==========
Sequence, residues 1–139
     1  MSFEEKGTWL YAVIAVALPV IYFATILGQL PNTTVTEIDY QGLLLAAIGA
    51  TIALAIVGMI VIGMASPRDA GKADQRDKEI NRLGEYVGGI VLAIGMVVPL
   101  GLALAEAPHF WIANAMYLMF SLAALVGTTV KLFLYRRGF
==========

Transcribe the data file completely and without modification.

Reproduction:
Sequence, residues 1–139
     1  MSFEEKGTWL YAVIAVALPV IYFATILGQL PNTTVTEIDY QGLLLAAIGA
    51  TIALAIVGMI VIGMASPRDA GKADQRDKEI NRLGEYVGGI VLAIGMVVPL
   101  GLALAEAPHF WIANAMYLMF SLAALVGTTV KLFLYRRGF